A therapeutic apparatus to treat Parkinson's disease has been developed in northeast China's Heilongjiang Province, according to the provincial science and technology department.
It is a worldwide breakthrough in treating the disease with transcranial magnetic stimulation, concluded an expert panel with the Heilongjiang Provincial Department of Science and Technology.
The team said it came to the conclusion after evaluating technical documents and clinical test results Monday.
This is the first time that transcranial magnetic stimulation has been adopted to treat Parkinson's disease, said Sun Zuodong, chairman of Aobo Medicine Apparatus Co., Ltd. (AMA), the developer based in the provincial capital Harbin.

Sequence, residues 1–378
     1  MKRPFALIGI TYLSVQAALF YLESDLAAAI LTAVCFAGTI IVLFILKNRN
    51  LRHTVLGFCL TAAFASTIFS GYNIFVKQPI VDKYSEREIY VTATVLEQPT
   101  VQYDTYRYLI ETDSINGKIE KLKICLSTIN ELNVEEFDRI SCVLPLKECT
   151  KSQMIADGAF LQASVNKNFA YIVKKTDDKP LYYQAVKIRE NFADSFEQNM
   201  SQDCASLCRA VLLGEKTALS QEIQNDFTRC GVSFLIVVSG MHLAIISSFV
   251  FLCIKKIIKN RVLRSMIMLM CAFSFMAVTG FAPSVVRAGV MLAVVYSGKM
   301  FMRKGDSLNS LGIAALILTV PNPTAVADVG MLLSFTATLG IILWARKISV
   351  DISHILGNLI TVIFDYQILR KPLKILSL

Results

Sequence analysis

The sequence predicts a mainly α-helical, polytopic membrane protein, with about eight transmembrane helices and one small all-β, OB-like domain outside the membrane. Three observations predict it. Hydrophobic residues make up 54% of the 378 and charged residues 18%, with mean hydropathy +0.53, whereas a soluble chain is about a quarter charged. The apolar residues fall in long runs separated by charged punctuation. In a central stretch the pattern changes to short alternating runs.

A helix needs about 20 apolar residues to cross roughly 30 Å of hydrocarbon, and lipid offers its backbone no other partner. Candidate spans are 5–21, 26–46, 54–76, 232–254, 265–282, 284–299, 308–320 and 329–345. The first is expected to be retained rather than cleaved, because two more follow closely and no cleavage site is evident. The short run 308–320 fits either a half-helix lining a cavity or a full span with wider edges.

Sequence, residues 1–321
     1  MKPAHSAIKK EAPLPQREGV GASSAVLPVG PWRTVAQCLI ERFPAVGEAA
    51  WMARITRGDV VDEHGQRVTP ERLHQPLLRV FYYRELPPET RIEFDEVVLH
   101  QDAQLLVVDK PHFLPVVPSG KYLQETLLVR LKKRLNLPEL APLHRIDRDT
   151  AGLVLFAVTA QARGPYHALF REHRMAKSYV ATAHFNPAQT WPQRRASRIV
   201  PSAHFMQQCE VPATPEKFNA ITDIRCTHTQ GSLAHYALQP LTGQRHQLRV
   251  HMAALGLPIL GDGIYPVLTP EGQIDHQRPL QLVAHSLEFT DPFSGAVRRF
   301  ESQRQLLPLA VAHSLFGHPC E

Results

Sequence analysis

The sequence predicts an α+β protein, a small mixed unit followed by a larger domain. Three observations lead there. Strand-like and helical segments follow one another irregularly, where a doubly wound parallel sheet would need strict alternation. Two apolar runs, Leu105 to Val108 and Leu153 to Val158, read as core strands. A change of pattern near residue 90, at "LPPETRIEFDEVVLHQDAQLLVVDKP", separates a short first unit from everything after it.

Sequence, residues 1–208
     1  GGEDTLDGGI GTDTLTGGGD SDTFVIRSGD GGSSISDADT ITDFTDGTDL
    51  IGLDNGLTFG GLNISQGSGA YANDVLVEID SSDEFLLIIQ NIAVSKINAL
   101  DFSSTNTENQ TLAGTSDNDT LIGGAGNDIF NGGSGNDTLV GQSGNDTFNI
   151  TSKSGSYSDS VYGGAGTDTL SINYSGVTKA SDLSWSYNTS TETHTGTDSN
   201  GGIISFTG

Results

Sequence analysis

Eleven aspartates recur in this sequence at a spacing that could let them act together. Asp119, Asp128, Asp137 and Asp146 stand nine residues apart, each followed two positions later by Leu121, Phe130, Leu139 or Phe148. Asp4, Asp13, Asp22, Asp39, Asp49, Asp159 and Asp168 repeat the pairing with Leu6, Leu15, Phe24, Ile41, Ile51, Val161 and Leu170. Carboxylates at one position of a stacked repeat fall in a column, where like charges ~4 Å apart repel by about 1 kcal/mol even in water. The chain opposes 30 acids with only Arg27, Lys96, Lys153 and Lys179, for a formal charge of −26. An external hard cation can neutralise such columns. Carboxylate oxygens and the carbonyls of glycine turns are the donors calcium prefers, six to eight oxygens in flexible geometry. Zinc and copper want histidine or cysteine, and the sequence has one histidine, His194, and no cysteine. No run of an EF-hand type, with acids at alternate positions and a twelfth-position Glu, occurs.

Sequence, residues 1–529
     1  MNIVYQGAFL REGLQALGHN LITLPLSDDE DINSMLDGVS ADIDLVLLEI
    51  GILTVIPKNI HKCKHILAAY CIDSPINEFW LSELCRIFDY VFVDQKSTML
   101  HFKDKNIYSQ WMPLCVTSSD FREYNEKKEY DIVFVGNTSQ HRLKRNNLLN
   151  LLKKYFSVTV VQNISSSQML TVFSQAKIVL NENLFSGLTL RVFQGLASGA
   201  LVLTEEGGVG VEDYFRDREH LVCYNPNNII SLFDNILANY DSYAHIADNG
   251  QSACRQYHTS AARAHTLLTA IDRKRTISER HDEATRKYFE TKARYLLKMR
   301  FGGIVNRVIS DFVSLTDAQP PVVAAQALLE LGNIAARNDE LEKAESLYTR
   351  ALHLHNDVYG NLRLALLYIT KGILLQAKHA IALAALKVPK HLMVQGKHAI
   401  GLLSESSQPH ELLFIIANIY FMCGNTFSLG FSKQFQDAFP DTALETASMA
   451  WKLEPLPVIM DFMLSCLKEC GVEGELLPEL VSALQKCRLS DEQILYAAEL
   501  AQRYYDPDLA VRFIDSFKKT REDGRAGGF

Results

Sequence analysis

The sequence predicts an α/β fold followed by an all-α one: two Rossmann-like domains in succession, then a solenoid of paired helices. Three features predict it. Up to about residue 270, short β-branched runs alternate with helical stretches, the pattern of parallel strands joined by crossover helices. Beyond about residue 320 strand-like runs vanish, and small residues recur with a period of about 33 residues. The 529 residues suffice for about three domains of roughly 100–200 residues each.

Transcranial magnetic stimulation is a noninvasive method which causes depolarization in the brains' neurons so as to restore the functions of brain nerves.
The apparatus consists of three parts, namely brain wave stimulator, field effect cap and multiplier, said Sun.
Clinical tests over more than 100 patients showed that the apparatus had a 70 percent success rate in reducing the disease's symptoms, according to Wang Aili, planning manager of AMA.
The new equipment will help generation of dopamine, the reduction of which within the brain caused the disease, said Wang Weixiang, a consulting doctor with the Heilongjiang Provincial Rehabilitation Hospital.
Parkinson's disease is a disorder of the neural system, which leads to limb tremors and difficulty in walking and other movements.
China has 2 million patients suffering from Parkinson's disease, mostly people over the age of 50, and the number is increasing by 100,000 annually, said Dr. Wang.